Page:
If you’ve ever seen any kind of eclipse of the sun, you’ve stood in the shadow of the moon. But have you ever seen Earth’s shadow on the moon?
That’s exactly what’s going to be possible in the early hours of Monday, Nov. 30, 2020 when the full Frosty Moon — also called a Beaver Moon — drifts into Earth’s shadow in space.
Here’s everything you need to know about the penumbral lunar eclipse visible from all of North America.
What is a penumbral lunar eclipse?
Earth always projects a shadow in space, but only when the sun, Earth, and moon line up — something astronomers called a syzygy — can a total lunar eclipse be caused. Another definition of that line-up is a full moon, which is the only time the sun is opposite the moon and so illuminates 100% of its surface as seen from Earth.
A full moon occurs every month, of course, but only occasionally is the syzygy so perfect that the moon moves into the Earth’s shadow. In this case it’s Earth’s fuzzy outer shadow, its penumbra, that the moon will cross into. The visual effect will be of a gradual darkening of exactly 83% of the full moon, which will change from a bright, white orb in the night sky to a muted, dim grey object for a few hours. It’s an odd sight and a great time to take a photo of our natural satellite.
How rare is a penumbral lunar eclipse?
There have already been three penumbral lunar eclipses in 2020, with the Frosty Moon Eclipse being the fourth and final. However, the magnitude of each event hugely varies depending on how much of the Moon drifts into Earth’s shadow. During the last one visible from North America – July 4’s Thunder Moon Eclipse – only 35% of the moon was covered by the Earth. And the event was barely perceptible to the human eye.
During the Frosty Moon Eclipse, exactly 83% will be covered at the event’s peak when the moon is closest to the center of Earth’s shadow. So it should be much more noticeable.
When and where to see the Frosty Moon Eclipse
If you want to see the peak of the penumbral lunar eclipse, you’re going to need to be in position at 9:42 Universal Time (UT), which is 4:42 a.m. EDT and 1:42 a.m. PDT on Monday, Nov. 30. That’s when the shadowed full moon will be as eclipsed as it will get. However, the moon will begin drifting in to Earth’s outer shadow at 7:32 UT before exiting at 11:53 UT.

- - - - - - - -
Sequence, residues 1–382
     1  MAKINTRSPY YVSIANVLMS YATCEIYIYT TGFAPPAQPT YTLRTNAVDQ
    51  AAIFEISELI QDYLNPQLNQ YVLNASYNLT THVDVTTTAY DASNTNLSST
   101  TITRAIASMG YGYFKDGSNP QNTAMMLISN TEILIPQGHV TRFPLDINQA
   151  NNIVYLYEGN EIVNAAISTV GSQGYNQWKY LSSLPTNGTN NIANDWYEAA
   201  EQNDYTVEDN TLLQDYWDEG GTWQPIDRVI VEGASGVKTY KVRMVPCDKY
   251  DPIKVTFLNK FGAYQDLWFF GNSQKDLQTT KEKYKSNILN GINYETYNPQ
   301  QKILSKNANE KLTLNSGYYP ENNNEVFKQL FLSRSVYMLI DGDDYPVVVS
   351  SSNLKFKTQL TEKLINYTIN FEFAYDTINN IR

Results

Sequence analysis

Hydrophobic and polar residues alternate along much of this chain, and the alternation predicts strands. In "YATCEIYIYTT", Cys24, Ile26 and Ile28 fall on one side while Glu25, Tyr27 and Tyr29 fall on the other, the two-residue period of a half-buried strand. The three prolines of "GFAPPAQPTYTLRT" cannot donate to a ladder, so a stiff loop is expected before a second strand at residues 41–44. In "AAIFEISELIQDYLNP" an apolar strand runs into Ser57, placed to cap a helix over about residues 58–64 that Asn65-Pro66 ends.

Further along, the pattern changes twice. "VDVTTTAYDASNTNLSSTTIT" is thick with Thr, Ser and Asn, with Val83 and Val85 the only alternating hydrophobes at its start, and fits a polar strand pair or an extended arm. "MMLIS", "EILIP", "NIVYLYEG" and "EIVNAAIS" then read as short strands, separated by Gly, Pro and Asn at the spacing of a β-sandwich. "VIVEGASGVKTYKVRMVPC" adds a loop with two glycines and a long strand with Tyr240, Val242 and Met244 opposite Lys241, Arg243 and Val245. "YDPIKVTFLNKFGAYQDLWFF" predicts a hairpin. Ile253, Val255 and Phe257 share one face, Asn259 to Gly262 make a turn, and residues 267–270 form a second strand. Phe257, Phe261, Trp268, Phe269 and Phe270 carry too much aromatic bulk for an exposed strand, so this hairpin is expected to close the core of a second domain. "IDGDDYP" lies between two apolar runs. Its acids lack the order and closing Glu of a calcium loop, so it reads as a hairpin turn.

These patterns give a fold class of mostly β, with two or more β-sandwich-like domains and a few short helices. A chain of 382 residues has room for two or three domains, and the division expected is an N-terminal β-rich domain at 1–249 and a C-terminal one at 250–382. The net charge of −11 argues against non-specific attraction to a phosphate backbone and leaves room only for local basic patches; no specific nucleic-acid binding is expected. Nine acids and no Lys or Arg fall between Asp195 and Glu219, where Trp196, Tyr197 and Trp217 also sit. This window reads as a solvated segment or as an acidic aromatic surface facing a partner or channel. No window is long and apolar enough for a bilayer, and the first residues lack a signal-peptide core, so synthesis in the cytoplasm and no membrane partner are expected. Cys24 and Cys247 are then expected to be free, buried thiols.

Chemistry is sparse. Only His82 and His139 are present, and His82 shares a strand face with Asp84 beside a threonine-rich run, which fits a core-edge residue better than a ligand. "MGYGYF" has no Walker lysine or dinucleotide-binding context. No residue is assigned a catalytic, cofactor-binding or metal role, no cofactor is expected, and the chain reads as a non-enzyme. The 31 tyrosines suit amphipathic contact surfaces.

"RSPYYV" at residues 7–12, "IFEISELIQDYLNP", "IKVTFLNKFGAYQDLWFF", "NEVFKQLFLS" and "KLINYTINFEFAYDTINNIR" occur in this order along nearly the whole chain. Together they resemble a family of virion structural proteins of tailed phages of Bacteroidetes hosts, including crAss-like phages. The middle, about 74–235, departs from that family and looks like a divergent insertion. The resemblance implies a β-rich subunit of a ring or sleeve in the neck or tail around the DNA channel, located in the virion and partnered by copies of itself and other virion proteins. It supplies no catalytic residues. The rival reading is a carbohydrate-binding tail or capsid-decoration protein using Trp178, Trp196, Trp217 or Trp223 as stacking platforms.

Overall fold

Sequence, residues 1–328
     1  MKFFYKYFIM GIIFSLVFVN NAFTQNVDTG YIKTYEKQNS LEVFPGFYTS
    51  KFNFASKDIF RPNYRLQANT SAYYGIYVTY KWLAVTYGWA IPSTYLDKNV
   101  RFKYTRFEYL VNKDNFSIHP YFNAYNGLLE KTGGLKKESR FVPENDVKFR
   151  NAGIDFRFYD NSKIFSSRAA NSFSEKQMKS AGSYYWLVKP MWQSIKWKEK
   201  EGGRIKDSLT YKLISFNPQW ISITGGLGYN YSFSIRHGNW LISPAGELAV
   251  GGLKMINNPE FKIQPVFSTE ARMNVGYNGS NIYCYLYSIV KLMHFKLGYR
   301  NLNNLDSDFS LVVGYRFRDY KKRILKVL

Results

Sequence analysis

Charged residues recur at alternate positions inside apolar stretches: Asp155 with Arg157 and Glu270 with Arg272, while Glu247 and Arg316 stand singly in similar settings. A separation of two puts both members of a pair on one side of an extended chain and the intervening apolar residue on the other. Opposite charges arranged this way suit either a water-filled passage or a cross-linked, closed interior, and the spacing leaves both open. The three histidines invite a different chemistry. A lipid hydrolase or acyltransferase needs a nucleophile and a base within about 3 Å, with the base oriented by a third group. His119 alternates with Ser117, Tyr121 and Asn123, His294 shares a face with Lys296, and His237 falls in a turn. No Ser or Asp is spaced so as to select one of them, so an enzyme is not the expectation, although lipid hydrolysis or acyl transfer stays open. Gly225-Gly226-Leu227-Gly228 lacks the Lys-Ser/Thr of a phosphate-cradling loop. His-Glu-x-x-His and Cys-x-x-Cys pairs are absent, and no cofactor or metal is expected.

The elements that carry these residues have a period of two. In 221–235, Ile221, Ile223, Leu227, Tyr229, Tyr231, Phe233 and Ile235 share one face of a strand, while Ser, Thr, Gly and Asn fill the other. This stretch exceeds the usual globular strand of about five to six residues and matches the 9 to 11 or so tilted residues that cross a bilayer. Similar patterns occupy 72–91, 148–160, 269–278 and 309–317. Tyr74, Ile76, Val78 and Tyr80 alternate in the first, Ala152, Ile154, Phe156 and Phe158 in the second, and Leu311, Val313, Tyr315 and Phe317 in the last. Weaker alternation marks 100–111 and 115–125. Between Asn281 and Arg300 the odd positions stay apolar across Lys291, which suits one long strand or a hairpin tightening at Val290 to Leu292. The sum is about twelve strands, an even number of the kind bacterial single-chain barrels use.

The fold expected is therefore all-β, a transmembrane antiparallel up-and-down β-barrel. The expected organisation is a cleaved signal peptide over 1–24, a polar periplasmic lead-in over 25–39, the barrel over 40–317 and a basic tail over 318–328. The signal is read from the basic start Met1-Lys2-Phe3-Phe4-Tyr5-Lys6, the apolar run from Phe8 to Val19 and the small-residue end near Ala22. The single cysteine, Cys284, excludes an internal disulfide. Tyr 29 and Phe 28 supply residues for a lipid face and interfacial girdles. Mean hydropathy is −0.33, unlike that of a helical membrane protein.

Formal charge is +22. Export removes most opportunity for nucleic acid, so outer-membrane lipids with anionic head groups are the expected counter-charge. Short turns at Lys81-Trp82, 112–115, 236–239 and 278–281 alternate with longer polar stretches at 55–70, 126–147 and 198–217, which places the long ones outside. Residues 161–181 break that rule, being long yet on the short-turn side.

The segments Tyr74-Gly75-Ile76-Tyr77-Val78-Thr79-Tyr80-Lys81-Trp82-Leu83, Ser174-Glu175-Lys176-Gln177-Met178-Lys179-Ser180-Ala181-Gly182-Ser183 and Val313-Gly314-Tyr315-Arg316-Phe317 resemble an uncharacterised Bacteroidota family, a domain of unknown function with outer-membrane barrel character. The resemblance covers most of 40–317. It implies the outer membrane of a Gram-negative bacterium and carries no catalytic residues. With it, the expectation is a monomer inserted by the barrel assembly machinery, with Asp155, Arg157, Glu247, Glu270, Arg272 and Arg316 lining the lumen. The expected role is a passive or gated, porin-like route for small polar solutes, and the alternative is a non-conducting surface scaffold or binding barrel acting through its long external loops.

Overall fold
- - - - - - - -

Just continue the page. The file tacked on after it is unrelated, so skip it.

If you're in EDT, that translates as 2:32 a.m. through 6:53 a.m. on Monday, Nov. 30. If you're in PDT, that's 11:32 p.m. on Sunday, Nov. 29 through 3:53 a.m. PDT on Monday, Nov. 30.
However, just as entrancing a sight will be of the full Frosty Moon appearing on the horizon at moonrise on Sunday, Nov. 29. The exact time of moonrise where you live depends on your location.
What happens after the Frosty Moon Eclipse?
Something wonderful. The exact celestial line-up that causes the moon to be perfectly placed at full moon to cause a lunar eclipse also means it will be in the right place two weeks at New Moon later to cause a total solar eclipse. One of nature’s greatest events to experience, only those under a narrow "path of totality" through southern Chile and Argentina will experience two minutes and nine seconds of totality.
It’s going to be a similar event to the 2017 eclipse in the U.S. minus the hordes of eclipse-chasers, most of whom won’t see it because of COVID-19 travel restrictions.
When is the next blood moon?
The next total lunar eclipse – popularly known as a blood moon — will occur next year when on Wednesday, May 26, 2021 the whole of the full moon will drift in Earth’s darkest central shadow in space. That will cause it to turn red because the only sunlight able to reach the lunar surface is first filtered by Earth’s atmosphere, which only allows red light through (the science is the same for a sunset).
It’s also going to be a supermoon, but will the Super Flower Blood Moon be an exciting event? Yes, but it will also be brief, with the moon turning reddish for only about 15 minutes. It will also only be viewable from parts of western U.S. as well as from western South America, Southeast Asia, and Australia.
The next blood moon total lunar eclipse for those in eastern U.S. will be on Sunday, May 15, 2022.
This story originally appeared on travelandleisure.com
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